As has been the norm for most updates and perhaps life in general I guess, this will be a mix of good news and bad for all you faithful followers (thanks to you all!) In the good news column this week’s update will be mercifully short compared to some of the novel length ones I have been writing of late but the related not so good news is that this update will be disappoint all of you who have been anxiously awaiting to see and hear Mr. Gee roar back to his third new lease on life.
The finiteness of time is always the challenge it seems, and especially so on a boat it seems where there are so many things on the To Do list and so little time to get all of them done. I’m pretty sure most of you have your own version of this dilemma, which is actually a good thing in itself in that who would ever want to have NOTHING left on their To Do list?!?!? Not me at least.
So this past week has been filled with a litany of To Do list items which too precedent over those in Mr. Gee’s Engine Room (ER) though I certainly did not ignore him completely.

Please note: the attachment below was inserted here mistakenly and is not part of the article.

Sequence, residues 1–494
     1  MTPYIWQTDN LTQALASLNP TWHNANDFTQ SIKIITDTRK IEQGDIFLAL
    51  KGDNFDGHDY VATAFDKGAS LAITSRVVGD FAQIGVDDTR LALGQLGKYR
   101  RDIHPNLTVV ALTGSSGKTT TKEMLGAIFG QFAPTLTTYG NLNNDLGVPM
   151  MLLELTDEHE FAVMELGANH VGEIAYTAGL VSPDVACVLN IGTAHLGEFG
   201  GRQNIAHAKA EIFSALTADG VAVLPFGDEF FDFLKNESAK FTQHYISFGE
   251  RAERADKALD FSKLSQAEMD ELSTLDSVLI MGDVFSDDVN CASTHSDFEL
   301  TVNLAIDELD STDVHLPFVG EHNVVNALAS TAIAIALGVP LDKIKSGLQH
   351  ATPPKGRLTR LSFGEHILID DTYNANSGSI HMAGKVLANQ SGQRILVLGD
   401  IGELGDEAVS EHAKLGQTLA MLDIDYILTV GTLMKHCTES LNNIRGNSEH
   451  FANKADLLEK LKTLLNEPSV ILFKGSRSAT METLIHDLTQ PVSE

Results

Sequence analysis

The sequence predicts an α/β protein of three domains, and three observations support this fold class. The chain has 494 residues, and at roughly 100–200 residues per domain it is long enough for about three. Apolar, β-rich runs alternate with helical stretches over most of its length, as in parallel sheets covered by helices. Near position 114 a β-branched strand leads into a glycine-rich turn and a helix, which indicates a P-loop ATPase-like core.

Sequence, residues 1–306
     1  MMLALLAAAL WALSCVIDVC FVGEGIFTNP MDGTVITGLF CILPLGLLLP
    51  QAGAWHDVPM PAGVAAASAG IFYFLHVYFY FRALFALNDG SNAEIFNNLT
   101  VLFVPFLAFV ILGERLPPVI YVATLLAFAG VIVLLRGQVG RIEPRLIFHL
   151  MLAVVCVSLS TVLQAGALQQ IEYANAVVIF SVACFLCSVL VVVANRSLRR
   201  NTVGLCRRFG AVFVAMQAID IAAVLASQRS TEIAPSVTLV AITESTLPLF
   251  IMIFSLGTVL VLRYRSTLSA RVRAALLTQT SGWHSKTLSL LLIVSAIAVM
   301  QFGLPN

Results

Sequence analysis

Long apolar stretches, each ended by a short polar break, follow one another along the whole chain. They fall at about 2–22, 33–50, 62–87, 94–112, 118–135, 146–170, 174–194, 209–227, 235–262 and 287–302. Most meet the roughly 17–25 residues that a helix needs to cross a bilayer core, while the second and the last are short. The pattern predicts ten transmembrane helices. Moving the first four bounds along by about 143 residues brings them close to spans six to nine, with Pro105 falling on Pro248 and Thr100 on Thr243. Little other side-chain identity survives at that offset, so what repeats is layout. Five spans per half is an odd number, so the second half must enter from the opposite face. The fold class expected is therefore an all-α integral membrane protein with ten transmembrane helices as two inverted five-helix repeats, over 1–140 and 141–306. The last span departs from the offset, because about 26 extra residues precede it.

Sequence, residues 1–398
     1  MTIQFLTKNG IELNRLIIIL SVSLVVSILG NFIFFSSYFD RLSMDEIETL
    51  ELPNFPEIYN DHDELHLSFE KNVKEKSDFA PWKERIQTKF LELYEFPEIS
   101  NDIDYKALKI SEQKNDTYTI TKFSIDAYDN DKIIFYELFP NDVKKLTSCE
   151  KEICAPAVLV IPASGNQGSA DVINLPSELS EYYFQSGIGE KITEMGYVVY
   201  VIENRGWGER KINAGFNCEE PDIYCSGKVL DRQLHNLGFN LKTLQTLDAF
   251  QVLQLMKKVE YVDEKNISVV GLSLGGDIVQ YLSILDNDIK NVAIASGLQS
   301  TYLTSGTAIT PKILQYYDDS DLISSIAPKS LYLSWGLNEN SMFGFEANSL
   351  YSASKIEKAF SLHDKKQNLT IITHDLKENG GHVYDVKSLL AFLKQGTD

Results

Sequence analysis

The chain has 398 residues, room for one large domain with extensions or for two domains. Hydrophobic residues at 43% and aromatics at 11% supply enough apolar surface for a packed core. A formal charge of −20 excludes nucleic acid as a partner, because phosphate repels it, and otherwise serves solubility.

Getting Mr. Gee Ready for Life #3
If you have been following along, here is what things looked like in the ER when I left you in the last Update. Mr. Gee was back “in bed” with his four “feet” now resting firmly on the wide 25mm thick AL Engine Beds that run down each side of the Engine Bay. Now came all the “little things” that have to be reconnected, adjusted and tested before he is ready to start.
As many of you can relate to, the “little things” in life can often take most of the time and are of the highest importance and that is very much the case here.
For example, before I can fasten the Mr. Gee’s four feet to the Engine Beds, I need to precisely align these two flanges. The bright Red one on the Right is attached to the end of the Nogva Prop Shaft and the darker Burgundy on it mates to is the Output flange coming out of the Nogva servo gear box on the far Left.
These two flanges must be perfectly aligned axially, meaning both side to side and top to bottom with no more than 5/100th or 0.05mm/0.002” which for reference is about the thickness of a human hair.
To do this, I need to remove the eight hardened bolts which hold the two flanges together, keep the two flanges up against each other and then measure the gap all around where the flanges meet to make sure there is ideally no gap or at least no more than 0.05mm.